Who are the NERD fund donors Mr Snyder?
They Won't Tell You Who is Getting YOUR Money
(Promoted by Nick...)
Transparency-talking politicians make taxpayers beg for staff names and salaries.
"No government has ever misspent, overspent, stolen or otherwise misused so much as a single nickel taken from any taxpayer."
"Guns don't kill people, people kill people."
These statements are true because only people -- not their tools -- may be held responsible for bad behavior. As media and transparency advocates take notice of Sunshine Week 2009, this axiom should serve as a ruler to measure the sincerity of politicians posing as champions of government spending transparency. Like the villain with a gun, a bad actor on a public payroll can be a signal of great misdeeds.
Examples abound, such as the son of embattled U.S. Sen. Roland Burris of Illinois getting a job on the state payroll from Rod Blagojevich, the disgraced former governor who appointed Burris to the Senate seat under extraordinarily controversial circumstances. The unprecedented cronyism (even for Detroit) of former Detroit Mayor Kwame Kilpatrick's "friends and family plan" hiring policy is another example. It is very important for the public to know who is getting taxpayer-funded jobs when a politician puts out a "help wanted" sign.
With so many of the Michigan's elected officials championing state spending transparency, you would expect that the staffing details of these politicians would be easy to find. And you'd be disappointed. With the exception of two state representatives, most of the politicians saying that they want to shine a brighter light on public finances are keeping the taxpayers in the dark about who is getting the tax dollars under their direct control.
Gov. Jennifer Granholm was talking transparency almost as soon as she took office. Executive Order 2003-8, issued on Feb. 27, 2003, directed the creation of a task force that would lead to the establishment "by the Department of Management and Budget of an online, searchable database of state vendor and contract information to increase the transparency of state contractual activities." But this worthwhile baby step in the direction of moving state spending details from the 19th century to the 21st soon became a "get out of jail free" card that the administration has waved whenever presented with more thorough transparency requests.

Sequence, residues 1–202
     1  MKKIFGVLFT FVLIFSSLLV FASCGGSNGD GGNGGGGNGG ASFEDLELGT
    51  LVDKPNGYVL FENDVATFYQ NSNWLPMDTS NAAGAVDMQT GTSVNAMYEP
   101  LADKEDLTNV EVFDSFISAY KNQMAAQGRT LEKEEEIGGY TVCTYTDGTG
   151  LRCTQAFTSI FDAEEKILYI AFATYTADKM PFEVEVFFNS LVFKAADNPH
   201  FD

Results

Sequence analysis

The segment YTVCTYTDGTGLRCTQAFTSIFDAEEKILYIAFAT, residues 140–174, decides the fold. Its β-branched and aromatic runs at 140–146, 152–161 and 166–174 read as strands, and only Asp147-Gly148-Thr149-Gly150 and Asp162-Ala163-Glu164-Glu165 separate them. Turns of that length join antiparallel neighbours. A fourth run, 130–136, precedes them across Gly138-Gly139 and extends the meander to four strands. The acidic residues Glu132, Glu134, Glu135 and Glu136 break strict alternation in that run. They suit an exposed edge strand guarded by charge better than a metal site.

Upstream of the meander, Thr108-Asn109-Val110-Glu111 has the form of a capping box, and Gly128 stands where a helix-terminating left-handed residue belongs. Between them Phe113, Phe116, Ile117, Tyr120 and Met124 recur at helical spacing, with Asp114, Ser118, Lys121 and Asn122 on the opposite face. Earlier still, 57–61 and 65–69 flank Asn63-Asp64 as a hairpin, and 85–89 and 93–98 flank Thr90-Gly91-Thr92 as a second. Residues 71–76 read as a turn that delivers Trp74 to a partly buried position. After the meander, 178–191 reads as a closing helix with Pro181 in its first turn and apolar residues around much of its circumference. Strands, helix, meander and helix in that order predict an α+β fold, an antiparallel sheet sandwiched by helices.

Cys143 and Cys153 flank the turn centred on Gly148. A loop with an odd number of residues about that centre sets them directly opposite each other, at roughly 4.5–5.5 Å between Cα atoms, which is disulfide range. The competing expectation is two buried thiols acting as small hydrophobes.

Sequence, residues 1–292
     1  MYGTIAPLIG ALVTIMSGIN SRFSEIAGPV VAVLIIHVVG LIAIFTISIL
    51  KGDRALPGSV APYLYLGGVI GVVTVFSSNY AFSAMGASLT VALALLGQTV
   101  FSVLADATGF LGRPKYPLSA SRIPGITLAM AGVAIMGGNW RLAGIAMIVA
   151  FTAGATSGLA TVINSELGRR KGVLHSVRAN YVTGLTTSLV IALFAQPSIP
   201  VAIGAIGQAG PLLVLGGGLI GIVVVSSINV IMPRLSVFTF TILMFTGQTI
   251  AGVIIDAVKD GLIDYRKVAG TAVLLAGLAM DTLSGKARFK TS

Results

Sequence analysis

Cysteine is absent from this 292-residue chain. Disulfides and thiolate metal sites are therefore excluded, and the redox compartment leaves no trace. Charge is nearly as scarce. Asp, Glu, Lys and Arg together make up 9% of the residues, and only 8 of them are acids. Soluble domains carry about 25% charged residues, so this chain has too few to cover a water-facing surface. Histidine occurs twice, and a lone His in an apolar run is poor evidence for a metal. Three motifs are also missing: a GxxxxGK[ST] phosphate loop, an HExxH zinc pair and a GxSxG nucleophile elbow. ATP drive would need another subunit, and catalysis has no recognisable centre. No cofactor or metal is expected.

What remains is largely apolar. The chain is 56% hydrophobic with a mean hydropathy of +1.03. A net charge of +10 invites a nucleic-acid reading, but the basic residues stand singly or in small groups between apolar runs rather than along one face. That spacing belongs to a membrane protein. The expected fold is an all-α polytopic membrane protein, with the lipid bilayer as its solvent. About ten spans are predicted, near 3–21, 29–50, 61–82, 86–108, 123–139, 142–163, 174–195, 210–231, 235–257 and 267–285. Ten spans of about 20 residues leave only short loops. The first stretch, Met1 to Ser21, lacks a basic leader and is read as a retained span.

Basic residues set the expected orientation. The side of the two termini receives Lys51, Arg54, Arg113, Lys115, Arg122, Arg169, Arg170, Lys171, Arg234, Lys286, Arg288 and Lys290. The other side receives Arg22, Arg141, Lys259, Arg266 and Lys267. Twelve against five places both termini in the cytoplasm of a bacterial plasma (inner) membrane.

In 2007, the Lansing State Journal attempted to acquire the names and salaries of the political appointees working for the governor. The newspaper reported that the governor's office "would not disclose the salaries of her staff, nor would the governor's office disclose the number of employees serving on her or the lieutenant governor's staff." Last year, the Mackinac Center for Public Policy's "Show Michigan the Money" transparency project again asked the governor's office to regularly post on a state Web site both the names and salaries of state employees, but the governor's office asserted that "this level of detail provides little value to the taxpayer."